Army star Jinson Johnson confident of qualifying for Tokyo Olympics

Jinson Johnson
Jinson Johnson at the SAI centre, Bengaluru. Photo: By Special Arrangement
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Indian athlete Jinson Johnson has completed his rehab after suffering an Achilles tendon injury and is back to training at the Sports Authority of India's (SAI), Bengaluru, centre. The 1,500m specialist’s hopes of qualifying for the now postponed Tokyo Olympics have been delayed due to the COVID-19 pandemic.

“In normal circumstances, Olympic qualifiers would have been over by June-end. Right now it’s uncertain as to when the season will start,” Jinson told Onmanorama.

“I am back to training. Strength exercises and endurance workouts are the routine. Since I have recovered from a tendon injury and there has been a long break this is the way forward for the time being,” said the 29-year-old.

The Army man from Chakkittapara in Kozhikode had a great 2018. He broke Bahadur Prasad's 1,500m national record at the Gold Coast Commonwealth Games en route to a fifth-place finish.

He then shattered the legendary Sriram Singh’s 800m record – the longest standing national record in Indian athletics – at the Guwahati Senior Nationals.

Jinson went on to clinch the gold in 1500m at the Jakarta Asian Games besides bagging a silver in 800m.

Jinson picked up an Achilles tendon injury last November while training under American coach Scott Simmons at Colorado Springs, US. “Looking back, I feel it was a blessing in disguise. Or else I would have continued there and from media reports the US has been badly hit by the pandemic,” said Jinson.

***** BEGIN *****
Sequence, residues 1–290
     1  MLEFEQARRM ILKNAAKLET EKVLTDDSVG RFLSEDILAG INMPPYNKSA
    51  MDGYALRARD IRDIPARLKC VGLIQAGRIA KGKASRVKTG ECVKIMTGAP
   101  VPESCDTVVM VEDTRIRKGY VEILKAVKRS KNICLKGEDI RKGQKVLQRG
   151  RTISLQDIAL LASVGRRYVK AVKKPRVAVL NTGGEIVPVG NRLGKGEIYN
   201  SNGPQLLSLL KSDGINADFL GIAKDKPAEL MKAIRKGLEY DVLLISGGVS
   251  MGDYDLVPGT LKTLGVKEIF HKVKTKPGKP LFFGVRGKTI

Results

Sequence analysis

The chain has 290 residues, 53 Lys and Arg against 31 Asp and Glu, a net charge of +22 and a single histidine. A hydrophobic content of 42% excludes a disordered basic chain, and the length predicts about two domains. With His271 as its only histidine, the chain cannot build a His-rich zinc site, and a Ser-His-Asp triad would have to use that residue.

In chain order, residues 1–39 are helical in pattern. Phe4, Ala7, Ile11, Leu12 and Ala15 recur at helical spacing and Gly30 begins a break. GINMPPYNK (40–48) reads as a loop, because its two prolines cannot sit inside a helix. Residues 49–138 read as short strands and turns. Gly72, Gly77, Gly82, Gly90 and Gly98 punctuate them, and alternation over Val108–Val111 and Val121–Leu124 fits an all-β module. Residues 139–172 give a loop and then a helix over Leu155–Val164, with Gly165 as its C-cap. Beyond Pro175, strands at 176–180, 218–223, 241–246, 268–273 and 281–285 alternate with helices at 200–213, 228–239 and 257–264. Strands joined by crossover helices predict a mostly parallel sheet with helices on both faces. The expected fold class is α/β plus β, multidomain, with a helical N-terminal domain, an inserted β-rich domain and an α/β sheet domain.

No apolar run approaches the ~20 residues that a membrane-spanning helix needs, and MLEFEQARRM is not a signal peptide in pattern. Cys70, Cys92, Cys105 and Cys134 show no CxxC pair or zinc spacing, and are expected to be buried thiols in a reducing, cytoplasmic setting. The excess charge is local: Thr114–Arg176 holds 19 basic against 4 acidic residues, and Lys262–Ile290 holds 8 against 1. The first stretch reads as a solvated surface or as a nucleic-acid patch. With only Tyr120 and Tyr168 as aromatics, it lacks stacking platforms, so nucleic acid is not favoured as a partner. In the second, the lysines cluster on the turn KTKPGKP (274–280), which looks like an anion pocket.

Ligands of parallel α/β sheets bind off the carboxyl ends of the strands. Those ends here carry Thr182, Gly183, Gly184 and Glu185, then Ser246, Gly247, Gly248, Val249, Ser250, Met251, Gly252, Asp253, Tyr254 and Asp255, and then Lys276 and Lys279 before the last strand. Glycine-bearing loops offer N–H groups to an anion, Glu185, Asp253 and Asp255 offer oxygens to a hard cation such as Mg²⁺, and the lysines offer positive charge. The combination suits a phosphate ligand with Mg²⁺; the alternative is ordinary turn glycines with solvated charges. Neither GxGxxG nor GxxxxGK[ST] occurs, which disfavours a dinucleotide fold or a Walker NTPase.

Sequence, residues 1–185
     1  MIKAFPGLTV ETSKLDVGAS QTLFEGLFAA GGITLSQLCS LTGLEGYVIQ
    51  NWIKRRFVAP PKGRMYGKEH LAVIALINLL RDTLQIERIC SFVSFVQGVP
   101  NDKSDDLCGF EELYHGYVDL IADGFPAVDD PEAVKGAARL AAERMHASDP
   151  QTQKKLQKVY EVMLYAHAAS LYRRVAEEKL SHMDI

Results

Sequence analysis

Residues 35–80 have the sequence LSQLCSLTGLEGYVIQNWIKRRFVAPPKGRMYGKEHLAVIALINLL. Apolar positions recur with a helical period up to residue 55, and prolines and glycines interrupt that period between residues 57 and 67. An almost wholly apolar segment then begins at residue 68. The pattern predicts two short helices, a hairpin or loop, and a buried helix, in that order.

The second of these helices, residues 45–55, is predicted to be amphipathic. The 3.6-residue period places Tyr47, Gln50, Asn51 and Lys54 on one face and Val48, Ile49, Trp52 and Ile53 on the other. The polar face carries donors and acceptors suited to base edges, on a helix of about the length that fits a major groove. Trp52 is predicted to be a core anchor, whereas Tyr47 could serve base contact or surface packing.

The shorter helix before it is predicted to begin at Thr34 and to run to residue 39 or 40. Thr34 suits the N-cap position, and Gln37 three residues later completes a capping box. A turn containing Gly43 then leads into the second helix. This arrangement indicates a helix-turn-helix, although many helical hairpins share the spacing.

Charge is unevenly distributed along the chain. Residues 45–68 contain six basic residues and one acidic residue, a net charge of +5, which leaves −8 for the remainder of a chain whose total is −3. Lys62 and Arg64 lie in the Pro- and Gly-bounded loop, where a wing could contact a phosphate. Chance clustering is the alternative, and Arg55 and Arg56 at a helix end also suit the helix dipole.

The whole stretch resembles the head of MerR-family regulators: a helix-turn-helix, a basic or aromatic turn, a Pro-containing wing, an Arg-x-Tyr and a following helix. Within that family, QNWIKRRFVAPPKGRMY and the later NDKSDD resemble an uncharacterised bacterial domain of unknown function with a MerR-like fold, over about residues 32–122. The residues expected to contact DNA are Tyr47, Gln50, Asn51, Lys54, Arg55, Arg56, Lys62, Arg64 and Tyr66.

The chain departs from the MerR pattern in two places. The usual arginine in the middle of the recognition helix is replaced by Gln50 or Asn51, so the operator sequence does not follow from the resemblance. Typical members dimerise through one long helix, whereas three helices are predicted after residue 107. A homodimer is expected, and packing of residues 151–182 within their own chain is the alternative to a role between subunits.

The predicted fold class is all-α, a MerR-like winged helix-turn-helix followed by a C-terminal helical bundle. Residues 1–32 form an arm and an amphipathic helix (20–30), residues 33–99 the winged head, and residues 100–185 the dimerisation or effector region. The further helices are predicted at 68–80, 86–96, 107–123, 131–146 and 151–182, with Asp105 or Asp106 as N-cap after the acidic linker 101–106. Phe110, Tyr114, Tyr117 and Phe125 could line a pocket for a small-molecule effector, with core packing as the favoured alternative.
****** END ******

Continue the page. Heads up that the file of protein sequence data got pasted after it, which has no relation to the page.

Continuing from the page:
Jinson Johnson
Jinson Johnson at the SAI centre, Bengaluru. Photo: By Special Arrangement

Marathon runner T Gopi, race walker K T Irfan and Indian hockey team goalkeeper P R Sreejesh are among the Kerala athletes undergoing training at SAI, Bengaluru.

“We have to maintain social distancing. This has been a strange period as the travel plans have gone for a toss. I last visited my home in December,” said Jinson.

The qualifying mark for next year's Tokyo Olympics is 3.35s and Jinson’s personal best stands at 3:35.24s.

“Though we resumed training in mid-May, there was a further two-week quarantine after a COVID-19 positive cook died at the centre. Qualifying for the Tokyo Games won't be easy for sure. But I am confident I can achieve it,” Jinson said.

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